Xu was also a power broker who socialized with the Communist Party’s elite families, according to a memoir by Desmond Shum, a well-connected businessman. In his book, “Red Roulette,” published this month, Shum recounts a 2011 European wine-tasting and shopping spree in which Xu took part, along with the daughter of the Communist Party’s fourth-ranking official at the time, Jia Qinglin, and her investor husband.
The party flew to Europe on a private jet, with the men playing a popular Chinese card game called “Fight the Landlord.” At Pavillon Ledoyen, a Paris restaurant, the party spent more than $100,000 on a wine spree, downing magnums of Chateau Lafite wines, starting with a vintage 1900 and ending with a 1990. On a trip to the French Riviera, Xu considered buying a $100 million yacht owned by a Hong Kong mogul, Shum wrote.
To supercharge Evergrande’s growth, Xu often borrowed twice on each piece of land that he developed — first from the bank and then from homebuyers who were sometimes willing to pay 100% of the value of their future home before it was built.
As Evergrande and its competitors expanded, property grew to account for as much as one-third of China’s economic growth. Evergrande built more than 1,000 developments in hundreds of cities and created more than 3.3 million jobs a year.
“Xu Jiayin represents a very important aspect of China’s economic reform,” Shih said. “He used his wits and his daring to very, very aggressively expand his business, oftentimes dangerously so, from a financial accounting perspective.”
With access to cheap money and unbridled ambition, Xu expanded into areas in which Evergrande had no experience or expertise, including bottled water, electric cars, pig farming and professional sports.
Xu bought two private jets and used them to fly his soccer team, now called the Guangzhou Football Club, to games. His electric vehicle company had a bold vision to become bigger and more powerful than Tesla; so far it has delayed mass production.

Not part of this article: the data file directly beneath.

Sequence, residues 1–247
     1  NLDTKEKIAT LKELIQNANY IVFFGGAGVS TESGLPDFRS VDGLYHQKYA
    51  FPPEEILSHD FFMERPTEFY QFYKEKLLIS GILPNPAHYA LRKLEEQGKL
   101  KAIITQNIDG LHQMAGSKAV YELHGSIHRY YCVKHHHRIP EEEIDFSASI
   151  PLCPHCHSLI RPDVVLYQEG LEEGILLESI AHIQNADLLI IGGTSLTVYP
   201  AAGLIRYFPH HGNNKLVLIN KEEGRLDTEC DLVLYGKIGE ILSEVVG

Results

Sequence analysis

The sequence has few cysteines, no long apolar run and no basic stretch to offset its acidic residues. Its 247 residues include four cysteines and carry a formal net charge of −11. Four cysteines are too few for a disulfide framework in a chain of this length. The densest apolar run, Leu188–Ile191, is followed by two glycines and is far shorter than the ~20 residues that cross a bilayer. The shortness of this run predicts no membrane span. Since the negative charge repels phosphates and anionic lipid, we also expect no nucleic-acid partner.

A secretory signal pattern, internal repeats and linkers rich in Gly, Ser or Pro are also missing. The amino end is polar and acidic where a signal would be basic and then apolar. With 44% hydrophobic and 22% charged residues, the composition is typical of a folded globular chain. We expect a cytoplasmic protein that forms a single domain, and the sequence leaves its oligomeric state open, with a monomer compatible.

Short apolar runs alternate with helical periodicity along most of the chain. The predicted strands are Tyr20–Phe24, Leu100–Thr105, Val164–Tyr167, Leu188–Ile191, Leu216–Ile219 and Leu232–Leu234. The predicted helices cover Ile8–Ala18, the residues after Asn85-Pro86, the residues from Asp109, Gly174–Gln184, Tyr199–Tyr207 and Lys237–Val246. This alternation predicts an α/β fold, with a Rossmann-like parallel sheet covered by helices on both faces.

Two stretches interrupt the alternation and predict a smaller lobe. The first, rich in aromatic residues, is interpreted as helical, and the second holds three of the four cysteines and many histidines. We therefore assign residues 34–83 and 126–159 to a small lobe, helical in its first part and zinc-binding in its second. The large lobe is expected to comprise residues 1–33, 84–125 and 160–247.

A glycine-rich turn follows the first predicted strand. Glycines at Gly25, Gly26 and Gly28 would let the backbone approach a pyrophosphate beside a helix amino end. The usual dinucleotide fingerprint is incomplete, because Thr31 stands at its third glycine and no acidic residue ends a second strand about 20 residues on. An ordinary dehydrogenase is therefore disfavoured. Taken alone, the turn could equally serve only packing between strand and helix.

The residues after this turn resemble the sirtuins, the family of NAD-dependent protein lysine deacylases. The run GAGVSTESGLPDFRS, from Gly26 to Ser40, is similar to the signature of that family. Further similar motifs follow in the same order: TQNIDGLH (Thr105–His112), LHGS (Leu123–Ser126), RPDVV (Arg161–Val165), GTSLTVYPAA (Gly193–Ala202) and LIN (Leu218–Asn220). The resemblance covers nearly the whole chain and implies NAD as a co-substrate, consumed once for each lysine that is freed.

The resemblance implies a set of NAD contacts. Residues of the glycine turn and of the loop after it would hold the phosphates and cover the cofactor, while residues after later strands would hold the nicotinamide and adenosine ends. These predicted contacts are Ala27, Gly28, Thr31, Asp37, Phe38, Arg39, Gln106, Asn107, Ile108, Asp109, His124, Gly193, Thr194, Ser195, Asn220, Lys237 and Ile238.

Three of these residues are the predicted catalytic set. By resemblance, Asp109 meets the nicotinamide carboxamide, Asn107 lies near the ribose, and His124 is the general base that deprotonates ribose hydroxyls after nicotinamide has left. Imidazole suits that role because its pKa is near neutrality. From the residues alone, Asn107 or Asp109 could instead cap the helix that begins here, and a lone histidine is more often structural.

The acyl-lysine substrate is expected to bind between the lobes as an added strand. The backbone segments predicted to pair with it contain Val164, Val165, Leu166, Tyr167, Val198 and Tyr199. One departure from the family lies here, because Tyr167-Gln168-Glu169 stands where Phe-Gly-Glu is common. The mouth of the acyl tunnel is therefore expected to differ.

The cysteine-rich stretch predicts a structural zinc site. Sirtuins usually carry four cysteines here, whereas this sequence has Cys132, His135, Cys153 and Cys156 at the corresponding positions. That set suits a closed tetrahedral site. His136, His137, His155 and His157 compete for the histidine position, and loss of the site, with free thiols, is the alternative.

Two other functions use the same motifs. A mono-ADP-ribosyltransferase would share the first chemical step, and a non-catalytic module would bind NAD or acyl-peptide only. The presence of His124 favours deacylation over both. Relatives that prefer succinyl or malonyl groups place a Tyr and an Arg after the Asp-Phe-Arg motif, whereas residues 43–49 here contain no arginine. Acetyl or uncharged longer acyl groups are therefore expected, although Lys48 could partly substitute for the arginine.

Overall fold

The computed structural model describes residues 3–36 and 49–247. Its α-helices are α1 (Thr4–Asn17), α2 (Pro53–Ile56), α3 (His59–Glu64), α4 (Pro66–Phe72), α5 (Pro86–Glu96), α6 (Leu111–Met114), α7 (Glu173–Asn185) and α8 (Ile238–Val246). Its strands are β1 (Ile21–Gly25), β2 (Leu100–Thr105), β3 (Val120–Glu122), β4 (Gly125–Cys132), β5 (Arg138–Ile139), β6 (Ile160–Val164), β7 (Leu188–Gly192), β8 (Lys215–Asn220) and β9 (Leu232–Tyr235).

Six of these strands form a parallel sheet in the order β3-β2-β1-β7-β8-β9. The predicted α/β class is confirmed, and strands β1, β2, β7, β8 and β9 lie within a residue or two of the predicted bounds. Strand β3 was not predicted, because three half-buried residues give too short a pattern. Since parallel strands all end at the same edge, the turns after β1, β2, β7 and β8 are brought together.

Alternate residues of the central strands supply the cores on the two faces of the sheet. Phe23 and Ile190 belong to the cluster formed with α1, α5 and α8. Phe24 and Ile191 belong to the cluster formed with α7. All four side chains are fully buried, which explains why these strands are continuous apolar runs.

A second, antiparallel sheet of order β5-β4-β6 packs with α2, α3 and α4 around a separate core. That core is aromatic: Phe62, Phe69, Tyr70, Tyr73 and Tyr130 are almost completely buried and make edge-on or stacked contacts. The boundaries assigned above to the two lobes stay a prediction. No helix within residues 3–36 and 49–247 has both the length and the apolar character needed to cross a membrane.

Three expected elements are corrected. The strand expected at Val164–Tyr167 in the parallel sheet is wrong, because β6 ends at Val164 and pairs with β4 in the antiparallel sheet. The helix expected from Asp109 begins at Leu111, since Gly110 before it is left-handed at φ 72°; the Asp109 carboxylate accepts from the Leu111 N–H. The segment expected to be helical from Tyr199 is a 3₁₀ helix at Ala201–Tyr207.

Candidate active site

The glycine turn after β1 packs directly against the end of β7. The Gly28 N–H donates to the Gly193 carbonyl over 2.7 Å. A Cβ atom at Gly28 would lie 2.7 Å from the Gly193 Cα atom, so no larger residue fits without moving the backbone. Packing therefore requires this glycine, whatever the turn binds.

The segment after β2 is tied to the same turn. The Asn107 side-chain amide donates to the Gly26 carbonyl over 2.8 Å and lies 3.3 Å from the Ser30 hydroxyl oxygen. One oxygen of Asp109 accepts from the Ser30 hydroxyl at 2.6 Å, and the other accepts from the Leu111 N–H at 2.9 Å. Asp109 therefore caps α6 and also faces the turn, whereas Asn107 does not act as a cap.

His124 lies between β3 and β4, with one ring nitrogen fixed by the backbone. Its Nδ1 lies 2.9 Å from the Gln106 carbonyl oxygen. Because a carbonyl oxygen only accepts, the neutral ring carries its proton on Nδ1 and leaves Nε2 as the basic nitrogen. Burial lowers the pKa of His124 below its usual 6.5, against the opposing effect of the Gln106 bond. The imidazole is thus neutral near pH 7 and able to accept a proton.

When China’s economy began to cool down, the damage caused by Evergrande’s voracious appetite for debt became impossible to ignore. There are nearly 800 unfinished Evergrande projects in more than 200 cities across China. Employees, contractors and homebuyers have held protests to demand their money. Many fear they will become unwitting victims in China’s debt-reform campaign.
Yong Jushang, a contractor from Changsha in central China, still has not been paid for the $460,000 of materials and work he provided for an Evergrande project that was completed in May. Desperate not to lose his workers and business partners, he threatened to block the roads around the development earlier this month until the money was paid. “It’s not a small amount for us,” Yong said. “This could bankrupt us.”
Yong and others like him are at the heart of regulators’ biggest challenge in dealing with Evergrande. If Beijing tries to make an example out of Evergrande by letting it collapse, the wealth of millions of people could vanish along with Xu’s empire.
“This is a damned if they do, damned if they don’t situation,” said Michael Pettis, a finance professor at Peking University. “Beijing should have acted 10 years ago. They are stepping in to try to reform property now because prices are way too high. The longer they wait, the more costly fixing the model becomes.”
In August, Evergrande executives were summoned by regulators, who warned them to keep the company’s debt under control. Amid concerns that an Evergrande demise could spread through the Chinese economy, Beijing unleashed a flood of capital into China’s banking system last week, a move that was seen as an attempt to calm market jitters.
“This is a much broader problem than Evergrande itself,” said Logan Wright, a director of China research at the consulting firm Rhodium Group. “Beijing has been waging a significant fight against property speculation, so you don’t want to be seen as backing down against that fight. You don’t want to back down because that would damage your credibility.”
Xu has remained mostly out of the spotlight, his evolution from poverty-stricken boy to property tycoon no longer useful for the national narrative.
His company has tried to sell off some of its assets to raise new funds, but has had little success. Homebuyers have recently protested on the streets and complained online about delays in construction. The central bank has put Evergrande on notice.
And China’s increasingly nationalistic commentators are calling for the company’s demise. Debt-saddled corporate giants like Evergrande were given the freedom to “open their bloody mouths and devour the wealth of our country and our people until they are too big to fall,” Li Guangman, a retired newspaper editor whose recent views have been given a platform by official state media, wrote in an essay.
Without proper intervention, Li argued, “China’s economy and society will be set on the crater of the volcano where all may be ignited any time.”
Alexandra Stevenson, Michael Forsythe and Cao Lic.2021 The New York Times Company